GOVERNMENT TO ENACT FREEDOM OF INFORMATION BILL
On 3 February, the Fiji Islands government announced that it intends to pass proposed freedom of information bills in the next six months, reports the Pacific Islands News Association (PINA). The result of a 1996 review of all media legislation in Fiji commissioned by the previous government, the proposed freedom of information bill would replace the Official Secrets Act and Press Correction Act from British colonial times. The legislation would grant the public the right "to correct errors in information about them held by the government." The government would also be required to publish information on the functions of its various agencies, and PINA reports that "the ombudsman may also be given the responsibility to review the government's information practices." Attorney-General Anand Singh, who made the announcement, stated that the laws will be based partly on Australian and New Zealand's freedom of information acts. The freedom of information law would apply to "all government ministries, departments and offices.... [except] the indigenous-Fijian Bose Levu Vakaturaga (council of chiefs), the president and his office, government-owned businesses, the court system, and commissions of inquiry," says PINA.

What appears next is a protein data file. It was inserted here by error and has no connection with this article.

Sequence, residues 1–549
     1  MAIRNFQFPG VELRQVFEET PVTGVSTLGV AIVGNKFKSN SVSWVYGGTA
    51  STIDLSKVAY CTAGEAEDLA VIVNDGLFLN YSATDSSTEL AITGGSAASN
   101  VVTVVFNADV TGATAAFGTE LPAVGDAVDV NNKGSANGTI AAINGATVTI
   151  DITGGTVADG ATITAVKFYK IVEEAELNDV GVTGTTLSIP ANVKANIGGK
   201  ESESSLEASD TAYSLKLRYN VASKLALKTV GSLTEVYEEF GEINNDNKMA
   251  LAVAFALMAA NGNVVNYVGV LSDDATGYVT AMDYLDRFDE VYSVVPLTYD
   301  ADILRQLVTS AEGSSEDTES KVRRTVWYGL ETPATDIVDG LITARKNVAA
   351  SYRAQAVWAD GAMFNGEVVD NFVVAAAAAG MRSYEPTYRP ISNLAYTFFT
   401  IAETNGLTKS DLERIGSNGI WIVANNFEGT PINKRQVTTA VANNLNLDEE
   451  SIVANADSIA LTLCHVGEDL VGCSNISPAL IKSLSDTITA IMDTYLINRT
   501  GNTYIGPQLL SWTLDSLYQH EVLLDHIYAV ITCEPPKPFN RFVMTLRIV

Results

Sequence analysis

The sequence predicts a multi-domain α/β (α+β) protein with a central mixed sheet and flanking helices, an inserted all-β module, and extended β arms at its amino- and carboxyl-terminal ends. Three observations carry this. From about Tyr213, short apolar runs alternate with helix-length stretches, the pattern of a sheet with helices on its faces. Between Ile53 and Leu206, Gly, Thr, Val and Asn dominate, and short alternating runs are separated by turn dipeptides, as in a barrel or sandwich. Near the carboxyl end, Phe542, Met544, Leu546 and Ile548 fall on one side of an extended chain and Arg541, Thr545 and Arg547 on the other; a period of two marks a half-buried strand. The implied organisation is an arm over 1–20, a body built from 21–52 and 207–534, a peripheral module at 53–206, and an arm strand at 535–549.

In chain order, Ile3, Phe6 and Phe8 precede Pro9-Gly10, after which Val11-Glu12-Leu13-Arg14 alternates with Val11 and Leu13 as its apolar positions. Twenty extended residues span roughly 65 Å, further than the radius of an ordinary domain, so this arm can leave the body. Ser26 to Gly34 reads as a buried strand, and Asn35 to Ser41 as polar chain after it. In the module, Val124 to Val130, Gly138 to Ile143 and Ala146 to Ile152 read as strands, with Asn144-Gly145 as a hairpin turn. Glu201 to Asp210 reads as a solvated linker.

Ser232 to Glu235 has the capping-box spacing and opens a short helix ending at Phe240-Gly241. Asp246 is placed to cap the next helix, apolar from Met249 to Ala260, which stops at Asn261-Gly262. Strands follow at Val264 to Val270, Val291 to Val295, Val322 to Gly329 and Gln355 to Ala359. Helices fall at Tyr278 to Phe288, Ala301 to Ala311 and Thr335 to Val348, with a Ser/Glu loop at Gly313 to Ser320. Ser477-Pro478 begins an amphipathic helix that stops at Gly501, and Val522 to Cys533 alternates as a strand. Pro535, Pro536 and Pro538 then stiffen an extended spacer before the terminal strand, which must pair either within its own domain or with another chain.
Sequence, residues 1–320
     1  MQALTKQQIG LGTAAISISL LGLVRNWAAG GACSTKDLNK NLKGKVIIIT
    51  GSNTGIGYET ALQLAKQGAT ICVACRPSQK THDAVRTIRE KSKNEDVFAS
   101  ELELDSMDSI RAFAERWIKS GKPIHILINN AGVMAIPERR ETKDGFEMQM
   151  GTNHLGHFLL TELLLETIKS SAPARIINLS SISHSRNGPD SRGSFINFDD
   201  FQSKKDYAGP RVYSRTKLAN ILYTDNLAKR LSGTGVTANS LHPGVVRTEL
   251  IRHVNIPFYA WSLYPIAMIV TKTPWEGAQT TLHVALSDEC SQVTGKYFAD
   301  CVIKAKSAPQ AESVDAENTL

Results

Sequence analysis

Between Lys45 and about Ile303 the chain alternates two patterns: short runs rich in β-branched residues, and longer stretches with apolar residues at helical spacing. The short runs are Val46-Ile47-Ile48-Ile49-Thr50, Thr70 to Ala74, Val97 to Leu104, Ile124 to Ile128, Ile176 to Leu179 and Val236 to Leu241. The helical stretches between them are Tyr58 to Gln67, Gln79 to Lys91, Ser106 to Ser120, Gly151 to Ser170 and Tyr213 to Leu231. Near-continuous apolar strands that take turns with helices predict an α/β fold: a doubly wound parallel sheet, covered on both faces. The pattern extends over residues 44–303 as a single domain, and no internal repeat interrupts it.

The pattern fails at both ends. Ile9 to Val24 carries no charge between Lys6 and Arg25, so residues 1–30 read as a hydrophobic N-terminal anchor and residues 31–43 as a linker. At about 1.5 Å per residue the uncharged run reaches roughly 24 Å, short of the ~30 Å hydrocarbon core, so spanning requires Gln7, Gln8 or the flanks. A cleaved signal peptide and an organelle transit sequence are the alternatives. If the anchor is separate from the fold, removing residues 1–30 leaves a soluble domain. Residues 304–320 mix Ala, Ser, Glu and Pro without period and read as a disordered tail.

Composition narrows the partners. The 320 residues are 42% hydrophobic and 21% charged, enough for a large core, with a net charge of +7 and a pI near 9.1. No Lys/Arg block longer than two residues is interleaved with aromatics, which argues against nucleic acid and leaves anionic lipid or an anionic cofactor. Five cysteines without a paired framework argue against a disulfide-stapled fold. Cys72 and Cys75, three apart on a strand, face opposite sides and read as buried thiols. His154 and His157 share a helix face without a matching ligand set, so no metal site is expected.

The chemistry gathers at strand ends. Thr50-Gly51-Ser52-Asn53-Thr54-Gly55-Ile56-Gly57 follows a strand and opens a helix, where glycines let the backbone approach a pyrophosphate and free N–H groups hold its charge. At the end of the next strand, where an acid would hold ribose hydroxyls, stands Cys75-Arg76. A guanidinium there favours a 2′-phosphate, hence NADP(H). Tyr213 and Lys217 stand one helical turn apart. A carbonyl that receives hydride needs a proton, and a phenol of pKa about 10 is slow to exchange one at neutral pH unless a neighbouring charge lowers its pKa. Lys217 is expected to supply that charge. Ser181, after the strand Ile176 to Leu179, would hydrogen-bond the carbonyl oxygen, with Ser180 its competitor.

The move comes despite the continued criticism of the media by Prime Minister and Minster of Information Mahendra Chaudhry, since Chaudhry's Fiji Labour party-led coalition was elected in May 1999. On 27 October 1999, Chaudhry threatened to introduce a "government-regulated media tribunal with powers to impose penalties on the media." Most recently, Chaudhry is suing two groups of publishers and journalists for defamation. One of the newspapers being sued, "The Fiji Times", is a past winner of the PINA Pacific Freedom of Information award "for its defence of freedom of expression and the public's right to know."